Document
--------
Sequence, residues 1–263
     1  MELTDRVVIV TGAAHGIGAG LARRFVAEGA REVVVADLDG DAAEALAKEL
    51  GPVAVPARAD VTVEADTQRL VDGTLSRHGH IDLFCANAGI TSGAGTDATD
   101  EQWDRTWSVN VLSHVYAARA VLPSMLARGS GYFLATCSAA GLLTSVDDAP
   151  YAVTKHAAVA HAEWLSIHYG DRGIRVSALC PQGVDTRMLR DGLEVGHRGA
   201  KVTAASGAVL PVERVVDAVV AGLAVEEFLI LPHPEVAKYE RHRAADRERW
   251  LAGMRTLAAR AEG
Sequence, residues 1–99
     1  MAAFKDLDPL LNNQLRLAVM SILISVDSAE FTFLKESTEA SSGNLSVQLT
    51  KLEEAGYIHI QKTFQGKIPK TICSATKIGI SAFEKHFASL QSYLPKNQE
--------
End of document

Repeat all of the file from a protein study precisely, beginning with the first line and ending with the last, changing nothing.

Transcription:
Sequence, residues 1–263
     1  MELTDRVVIV TGAAHGIGAG LARRFVAEGA REVVVADLDG DAAEALAKEL
    51  GPVAVPARAD VTVEADTQRL VDGTLSRHGH IDLFCANAGI TSGAGTDATD
   101  EQWDRTWSVN VLSHVYAARA VLPSMLARGS GYFLATCSAA GLLTSVDDAP
   151  YAVTKHAAVA HAEWLSIHYG DRGIRVSALC PQGVDTRMLR DGLEVGHRGA
   201  KVTAASGAVL PVERVVDAVV AGLAVEEFLI LPHPEVAKYE RHRAADRERW
   251  LAGMRTLAAR AEG
Sequence, residues 1–99
     1  MAAFKDLDPL LNNQLRLAVM SILISVDSAE FTFLKESTEA SSGNLSVQLT
    51  KLEEAGYIHI QKTFQGKIPK TICSATKIGI SAFEKHFASL QSYLPKNQE